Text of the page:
JC: That’s part of our goal as well, to help people understand the past so they can make decisions about what they want the future to look like.
CHawkins: Thanks for listening and for coming along with us on Season 4. We look forward to talking with you again soon!
JC: This episode was produced by me, Joan Cummins, with Callie Hawkins and support from the President Lincoln’s Cottage team. Music for Q&Abe was written, performed, and is copyrighted by Clancy Newman.
CHawkins: Q&Abe is possible thanks to generous supporters of President Lincoln’s Cottage. To find out how you can support this podcast and other programming, visit www.lincolncottage.org. You can also write to us at firstname.lastname@example.org.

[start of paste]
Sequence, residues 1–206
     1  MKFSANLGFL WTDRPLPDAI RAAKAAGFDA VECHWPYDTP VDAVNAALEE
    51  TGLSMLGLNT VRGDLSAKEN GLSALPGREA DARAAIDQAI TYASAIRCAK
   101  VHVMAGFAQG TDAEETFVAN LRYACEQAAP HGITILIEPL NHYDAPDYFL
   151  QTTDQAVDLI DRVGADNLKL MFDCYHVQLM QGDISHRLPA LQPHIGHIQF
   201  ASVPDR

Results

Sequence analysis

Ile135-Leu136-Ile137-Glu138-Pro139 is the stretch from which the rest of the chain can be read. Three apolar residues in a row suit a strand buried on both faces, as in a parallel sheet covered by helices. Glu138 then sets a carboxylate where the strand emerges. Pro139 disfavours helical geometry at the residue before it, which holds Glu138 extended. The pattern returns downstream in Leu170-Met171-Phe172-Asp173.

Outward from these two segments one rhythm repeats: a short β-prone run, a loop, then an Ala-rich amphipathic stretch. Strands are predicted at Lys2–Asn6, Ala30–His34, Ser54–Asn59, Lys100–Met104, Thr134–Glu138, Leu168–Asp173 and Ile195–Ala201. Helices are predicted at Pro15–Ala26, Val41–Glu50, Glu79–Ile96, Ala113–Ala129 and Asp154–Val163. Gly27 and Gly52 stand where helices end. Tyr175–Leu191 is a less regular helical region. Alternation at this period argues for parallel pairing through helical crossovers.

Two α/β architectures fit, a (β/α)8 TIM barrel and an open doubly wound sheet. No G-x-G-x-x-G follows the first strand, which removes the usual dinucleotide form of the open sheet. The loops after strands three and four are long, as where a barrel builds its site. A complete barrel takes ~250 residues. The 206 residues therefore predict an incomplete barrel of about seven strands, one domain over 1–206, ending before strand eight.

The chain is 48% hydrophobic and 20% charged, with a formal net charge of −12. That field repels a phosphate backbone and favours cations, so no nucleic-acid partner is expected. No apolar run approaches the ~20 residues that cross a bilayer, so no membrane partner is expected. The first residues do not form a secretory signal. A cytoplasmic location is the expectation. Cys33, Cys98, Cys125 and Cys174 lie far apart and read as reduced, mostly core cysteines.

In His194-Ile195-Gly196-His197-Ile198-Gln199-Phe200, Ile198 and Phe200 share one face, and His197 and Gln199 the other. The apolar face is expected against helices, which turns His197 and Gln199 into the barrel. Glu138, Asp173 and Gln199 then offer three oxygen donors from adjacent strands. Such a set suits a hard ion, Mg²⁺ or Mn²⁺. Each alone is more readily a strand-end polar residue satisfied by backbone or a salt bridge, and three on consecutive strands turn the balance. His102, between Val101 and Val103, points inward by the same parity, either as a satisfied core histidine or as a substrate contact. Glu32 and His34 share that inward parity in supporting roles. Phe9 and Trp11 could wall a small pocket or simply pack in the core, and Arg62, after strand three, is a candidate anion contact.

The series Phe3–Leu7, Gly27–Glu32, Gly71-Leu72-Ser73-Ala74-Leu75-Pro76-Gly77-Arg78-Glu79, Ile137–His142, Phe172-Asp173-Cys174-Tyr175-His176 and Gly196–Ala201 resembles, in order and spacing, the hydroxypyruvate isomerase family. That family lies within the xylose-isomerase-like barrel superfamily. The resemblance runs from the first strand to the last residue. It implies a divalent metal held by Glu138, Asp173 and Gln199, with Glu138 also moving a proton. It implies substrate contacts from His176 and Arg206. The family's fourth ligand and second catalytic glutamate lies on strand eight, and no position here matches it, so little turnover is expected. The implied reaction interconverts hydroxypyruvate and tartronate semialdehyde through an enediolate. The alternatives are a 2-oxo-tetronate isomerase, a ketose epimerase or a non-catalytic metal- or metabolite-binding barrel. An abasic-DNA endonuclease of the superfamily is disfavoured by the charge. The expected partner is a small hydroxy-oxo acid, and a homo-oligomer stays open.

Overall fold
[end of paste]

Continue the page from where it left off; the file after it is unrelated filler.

JC: President Lincoln’s Cottage is a home for brave ideas. Stay curious!